I hate having to deal with bureaucracy. I am just enough of a "problem solver" personality type that I could not function in an environment where the Three R's (rules, regulations, and red tape) rule the day every day. I was brought up in the school of thought that if we have no idea why we have to do something one way, especially if there is a better way of doing it (and if it makes more logical sense that's a double bonus), then why not do it a more efficient way?
I will also admit that this is a bit of the pot calling the kettle black, as I work in a Church denomination whose motto is often, "But, Father, we've never done it that way!!" and that also has multiple layers of redundant bureaucracy and titles in its own right. But, that having been said, I generally do not have to deal with Church bureaucracy everyday.
South Dakota is upping the application fee for driver's licenses on July first by more than double. I had been putting off going to the DMV for months because it always ends in some sort of paperwork bureaucratic harangue. For example, when I went to get my Nebraska driver's license, I waited and waited in line, got what I thought was the correct form, filled it out, and then waited and waited in line again to file it with the clerk, only to be told I had filled out the wrong form. I needed to fill out the white form not the blue form, even though the forms were completely identical in every way other than what color paper it was printed on. Apparently one form when one bureaucrat, and the other went to another. (Don't try and figure it out, it will melt your brain...)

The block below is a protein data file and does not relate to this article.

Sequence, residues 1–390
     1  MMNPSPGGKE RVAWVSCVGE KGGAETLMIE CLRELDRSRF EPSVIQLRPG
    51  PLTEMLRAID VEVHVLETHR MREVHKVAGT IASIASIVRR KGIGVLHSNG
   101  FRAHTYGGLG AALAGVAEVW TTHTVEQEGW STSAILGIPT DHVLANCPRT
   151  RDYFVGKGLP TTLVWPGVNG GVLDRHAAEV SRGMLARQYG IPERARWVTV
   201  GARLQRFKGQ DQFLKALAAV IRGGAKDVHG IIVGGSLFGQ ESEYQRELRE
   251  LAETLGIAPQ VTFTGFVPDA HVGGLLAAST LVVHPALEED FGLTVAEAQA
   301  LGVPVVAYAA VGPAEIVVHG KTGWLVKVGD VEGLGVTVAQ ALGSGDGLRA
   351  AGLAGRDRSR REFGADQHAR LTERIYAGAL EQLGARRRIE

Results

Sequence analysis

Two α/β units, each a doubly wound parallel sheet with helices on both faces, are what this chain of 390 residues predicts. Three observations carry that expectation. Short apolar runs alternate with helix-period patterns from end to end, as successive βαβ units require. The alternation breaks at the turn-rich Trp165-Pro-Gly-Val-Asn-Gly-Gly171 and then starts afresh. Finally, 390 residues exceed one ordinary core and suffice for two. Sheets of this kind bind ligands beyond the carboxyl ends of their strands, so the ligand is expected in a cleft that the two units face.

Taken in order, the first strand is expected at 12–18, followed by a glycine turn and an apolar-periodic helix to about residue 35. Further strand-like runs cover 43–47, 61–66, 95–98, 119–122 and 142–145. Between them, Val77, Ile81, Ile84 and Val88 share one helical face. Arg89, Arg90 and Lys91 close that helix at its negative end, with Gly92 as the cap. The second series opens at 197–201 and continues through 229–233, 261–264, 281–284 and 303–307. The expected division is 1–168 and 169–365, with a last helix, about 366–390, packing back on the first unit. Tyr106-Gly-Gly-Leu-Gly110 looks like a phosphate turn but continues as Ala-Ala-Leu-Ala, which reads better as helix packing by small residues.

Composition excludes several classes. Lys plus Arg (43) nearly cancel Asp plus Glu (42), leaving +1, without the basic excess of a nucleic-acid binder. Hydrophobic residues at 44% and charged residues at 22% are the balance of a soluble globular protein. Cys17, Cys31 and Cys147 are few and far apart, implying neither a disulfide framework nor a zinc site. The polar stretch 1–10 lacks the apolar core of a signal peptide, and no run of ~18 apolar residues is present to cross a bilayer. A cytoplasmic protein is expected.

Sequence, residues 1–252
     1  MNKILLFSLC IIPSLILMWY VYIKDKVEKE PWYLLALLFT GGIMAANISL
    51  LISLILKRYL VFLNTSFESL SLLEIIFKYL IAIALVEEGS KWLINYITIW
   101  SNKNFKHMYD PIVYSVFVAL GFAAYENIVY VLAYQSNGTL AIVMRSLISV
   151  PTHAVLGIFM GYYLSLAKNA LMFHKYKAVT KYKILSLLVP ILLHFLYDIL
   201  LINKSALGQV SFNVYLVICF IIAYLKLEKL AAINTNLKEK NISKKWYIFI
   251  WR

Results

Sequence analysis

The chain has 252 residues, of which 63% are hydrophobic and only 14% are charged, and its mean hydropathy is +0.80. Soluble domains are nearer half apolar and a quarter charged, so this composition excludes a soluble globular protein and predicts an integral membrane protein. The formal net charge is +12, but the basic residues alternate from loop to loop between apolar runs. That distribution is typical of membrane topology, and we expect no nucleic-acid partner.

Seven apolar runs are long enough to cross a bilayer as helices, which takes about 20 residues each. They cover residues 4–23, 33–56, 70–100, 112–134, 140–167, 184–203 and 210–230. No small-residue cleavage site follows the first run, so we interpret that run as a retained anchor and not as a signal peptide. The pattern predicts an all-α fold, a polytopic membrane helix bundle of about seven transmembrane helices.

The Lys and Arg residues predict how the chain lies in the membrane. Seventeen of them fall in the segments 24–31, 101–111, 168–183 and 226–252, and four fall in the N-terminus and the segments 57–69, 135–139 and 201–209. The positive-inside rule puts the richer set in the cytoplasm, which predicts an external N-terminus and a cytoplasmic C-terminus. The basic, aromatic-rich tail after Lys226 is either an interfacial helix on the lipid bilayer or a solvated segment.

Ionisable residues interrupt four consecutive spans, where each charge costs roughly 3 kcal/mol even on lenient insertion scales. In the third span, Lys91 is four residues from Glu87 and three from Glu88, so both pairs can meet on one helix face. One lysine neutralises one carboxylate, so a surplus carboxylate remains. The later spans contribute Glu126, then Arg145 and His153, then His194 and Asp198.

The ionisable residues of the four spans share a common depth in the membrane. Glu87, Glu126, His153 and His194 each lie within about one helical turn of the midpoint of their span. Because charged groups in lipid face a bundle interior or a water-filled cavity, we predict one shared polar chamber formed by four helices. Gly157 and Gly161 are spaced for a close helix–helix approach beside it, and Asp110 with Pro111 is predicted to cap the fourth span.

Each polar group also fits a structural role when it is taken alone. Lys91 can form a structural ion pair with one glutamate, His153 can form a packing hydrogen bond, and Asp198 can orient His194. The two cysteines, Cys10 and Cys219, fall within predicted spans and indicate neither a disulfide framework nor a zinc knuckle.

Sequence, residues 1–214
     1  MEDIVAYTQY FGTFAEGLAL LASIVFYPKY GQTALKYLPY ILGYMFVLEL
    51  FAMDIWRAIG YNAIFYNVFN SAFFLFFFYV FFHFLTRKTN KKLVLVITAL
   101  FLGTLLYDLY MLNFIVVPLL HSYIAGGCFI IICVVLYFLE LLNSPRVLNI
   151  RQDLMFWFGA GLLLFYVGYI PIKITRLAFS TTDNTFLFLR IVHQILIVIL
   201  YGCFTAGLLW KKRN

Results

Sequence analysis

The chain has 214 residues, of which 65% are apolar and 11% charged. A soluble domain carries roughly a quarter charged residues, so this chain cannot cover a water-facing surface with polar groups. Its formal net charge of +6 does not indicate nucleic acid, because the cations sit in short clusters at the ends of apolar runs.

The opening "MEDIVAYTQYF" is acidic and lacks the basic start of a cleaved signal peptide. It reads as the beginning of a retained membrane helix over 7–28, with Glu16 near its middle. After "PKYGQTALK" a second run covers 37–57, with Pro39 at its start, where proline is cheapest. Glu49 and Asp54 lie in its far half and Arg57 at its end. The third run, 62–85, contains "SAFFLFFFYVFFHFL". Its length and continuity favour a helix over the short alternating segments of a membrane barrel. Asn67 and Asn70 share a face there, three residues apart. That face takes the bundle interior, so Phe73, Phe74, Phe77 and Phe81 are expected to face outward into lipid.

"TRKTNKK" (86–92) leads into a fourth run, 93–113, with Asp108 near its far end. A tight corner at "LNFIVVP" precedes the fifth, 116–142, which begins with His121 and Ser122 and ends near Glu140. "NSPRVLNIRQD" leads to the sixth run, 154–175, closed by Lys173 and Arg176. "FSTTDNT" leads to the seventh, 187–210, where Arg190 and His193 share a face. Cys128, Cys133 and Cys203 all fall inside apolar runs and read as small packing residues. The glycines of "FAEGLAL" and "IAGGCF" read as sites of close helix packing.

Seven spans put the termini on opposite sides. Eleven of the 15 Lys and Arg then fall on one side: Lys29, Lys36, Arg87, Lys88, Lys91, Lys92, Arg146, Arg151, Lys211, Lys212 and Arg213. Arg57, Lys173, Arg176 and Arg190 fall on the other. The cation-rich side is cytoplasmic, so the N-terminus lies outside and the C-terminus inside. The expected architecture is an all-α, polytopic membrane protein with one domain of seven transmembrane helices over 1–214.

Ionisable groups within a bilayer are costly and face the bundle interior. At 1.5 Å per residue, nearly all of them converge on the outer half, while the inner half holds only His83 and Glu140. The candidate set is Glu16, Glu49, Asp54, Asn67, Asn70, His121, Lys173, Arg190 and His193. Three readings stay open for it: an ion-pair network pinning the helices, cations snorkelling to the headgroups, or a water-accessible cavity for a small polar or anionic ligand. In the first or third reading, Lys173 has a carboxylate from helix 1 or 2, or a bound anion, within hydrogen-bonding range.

All my trips to places like the DMV always end in fiasco like that. I have very little patience for having to follow knit picky and pointless rules that only make sense to a drunkard. Bad drivers haunt my wife wherever she goes; bad bureaucracy haunts me wherever I go. It is simply our individual lots in life.
I finally went down to the South Dakota DMV this morning to change my driver's license. This one was slightly more palatable than the one in Lincoln. I still had to redo the driver's license after it was printed out the first time. I asked if for the eye test, if it mattered if I wore my glasses or not and was told, "No." I thought this was odd, but I went with it. (I should have known better.)
Then after this, the lady told the next person that there would be a restriction on the driver's license if you took the test with glasses, basically meaning that you have to drive with your glasses on all the time or you are liable. So I had to retake the eye exam without glasses and reprint the license.
It didn't make me really popular with either the bureaucrat or the people waiting in line behind me, but then I never claimed to be was a popular one at the DMV anyhow. Why can't bureaucrats tell you these things the first time?
Perhaps there is a regulation about that, or perhaps I should just amend my title to The Most Redundantly Reverend Father.
I kind of like that actually.